However, while this trend certainly is bad news, there’s a lot on your side as an IT consultant or service provider. For starters, you’re not alone in dealing with these issues. So much of cybercrime crosses the boundaries between the corporate and national security worlds that government agencies often release free information to help organizations prevent attacks. As Gill mentioned in his blog, it’s worth getting on the mailing lists for some of these agencies so you’re aware when there’s a potential threat that could directly affect you. For example, you can sign up for US-CERT alerts from the Cybersecurity and Infrastructure Security Agency by going to their site, scrolling to the bottom of the page, and subscribing to the alerts.
Additionally, the fact that these attacks are widespread means security vendors innovate frequently to deal with these issues. While the bad guys have their incentives, our industry constantly adapts to changing circumstances and rises to the challenge. MSPs can do the same.
So how do you do your part? When it comes to working with your customers, you want to make sure you’re giving them full, layered security where you can. This includes:
This may be one of the more important suggestions here—endpoint detection and response (EDR) needs to play a central role in your security stack. While some customers may drag their feet and stick with antivirus, shifting them to EDR really is in their best interest to help prevent these sophisticated attacks. EDR solutions can look for anomalies in endpoint behavior that could be deemed suspicious. For example, if something on the endpoint starts mass deleting files, it can flag that, alert your team, or even take action on your behalf. With more sophisticated attacks designed to bypass antivirus, adaptive, AI-driven protection may soon become mandatory. It’s worth strongly recommending EDR in the current threat environment (especially as we can expect this trend to only get worse).
Email protection also must be part of any layered security approach. A lot of attacks, particularly multistage, sophisticated cyberthreats, often start with an email. Someone opens an email, downloads an attached document, and the attack launches. Because of this, you don’t want to roll the dice by sticking with native email security—adding an additional, dedicated email security product can help you leverage threat intelligence and machine learning to help protect against potential threats.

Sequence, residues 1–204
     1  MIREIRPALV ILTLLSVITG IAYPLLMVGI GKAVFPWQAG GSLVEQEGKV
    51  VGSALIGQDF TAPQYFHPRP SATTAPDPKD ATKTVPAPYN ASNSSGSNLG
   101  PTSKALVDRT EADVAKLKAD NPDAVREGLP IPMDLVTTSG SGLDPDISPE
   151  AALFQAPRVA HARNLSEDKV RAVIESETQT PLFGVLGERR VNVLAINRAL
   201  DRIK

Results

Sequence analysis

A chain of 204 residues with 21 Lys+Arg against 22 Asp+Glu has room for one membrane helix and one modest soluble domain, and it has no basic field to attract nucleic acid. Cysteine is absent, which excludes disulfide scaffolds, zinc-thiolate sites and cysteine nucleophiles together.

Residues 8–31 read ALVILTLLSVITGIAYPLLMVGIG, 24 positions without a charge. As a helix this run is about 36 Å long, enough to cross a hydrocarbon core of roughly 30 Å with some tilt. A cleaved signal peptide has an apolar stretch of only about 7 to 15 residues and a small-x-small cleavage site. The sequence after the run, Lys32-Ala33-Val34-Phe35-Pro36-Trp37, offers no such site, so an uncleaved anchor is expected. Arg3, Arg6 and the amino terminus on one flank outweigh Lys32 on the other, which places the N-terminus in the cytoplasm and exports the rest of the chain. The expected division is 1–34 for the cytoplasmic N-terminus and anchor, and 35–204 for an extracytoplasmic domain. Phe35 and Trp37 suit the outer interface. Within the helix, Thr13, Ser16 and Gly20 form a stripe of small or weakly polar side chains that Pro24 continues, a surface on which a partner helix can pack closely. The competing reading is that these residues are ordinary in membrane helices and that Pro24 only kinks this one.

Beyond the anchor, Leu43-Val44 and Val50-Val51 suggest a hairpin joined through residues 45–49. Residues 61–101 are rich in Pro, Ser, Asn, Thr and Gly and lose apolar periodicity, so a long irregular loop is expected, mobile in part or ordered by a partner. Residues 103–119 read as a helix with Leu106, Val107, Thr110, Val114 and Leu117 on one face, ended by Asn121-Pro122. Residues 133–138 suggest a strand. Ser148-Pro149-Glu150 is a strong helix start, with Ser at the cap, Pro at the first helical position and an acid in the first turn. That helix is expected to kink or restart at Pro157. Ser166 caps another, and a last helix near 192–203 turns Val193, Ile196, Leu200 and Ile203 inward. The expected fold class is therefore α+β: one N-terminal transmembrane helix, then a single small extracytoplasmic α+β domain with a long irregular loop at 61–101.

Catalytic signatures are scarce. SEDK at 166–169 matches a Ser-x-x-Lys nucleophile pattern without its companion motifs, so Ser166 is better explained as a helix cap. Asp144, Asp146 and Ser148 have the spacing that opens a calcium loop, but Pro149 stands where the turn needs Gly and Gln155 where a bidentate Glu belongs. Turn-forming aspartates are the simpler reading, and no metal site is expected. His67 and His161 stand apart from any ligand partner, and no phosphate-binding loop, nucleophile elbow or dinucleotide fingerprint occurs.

With the ever-present threat of ransomware, you’ll want to have cloud backups off site. Even if you have an EDR solution that can roll back ransomware, you’ll still want cloud backups in in the event of a site loss due to a natural disaster or for insider threats such as mass deletion of files. It always helps to have a backup.
We mentioned earlier how you’re not alone. Most software vendors work tirelessly to both prevent security flaws and, when they crop up, find and fix them. That’s why it’s crucial to do your own part and patch vulnerabilities when updates come available.
The shady business of cybercrime
Unfortunately, cybercrime is big business. As long as cybercriminals have strong financial incentives, they’ll continue finding new ways to compromise organizations. However, if you update your security controls to adapt to this new environment, you can substantially reduce your risk.
As mentioned in the post, one of the most important tools for dealing with this threat environment is endpoint detection and response. SolarWinds® Endpoint Detection and Response uses artificial threat intelligence and behavioral analysis to flag and even respond to suspicious endpoint behaviors when they arise. This means that if a new, unseen threat crops up, SolarWinds EDR can alert you even if the wider security community isn’t yet aware of the threat. Learn more about SolarWinds EDR today.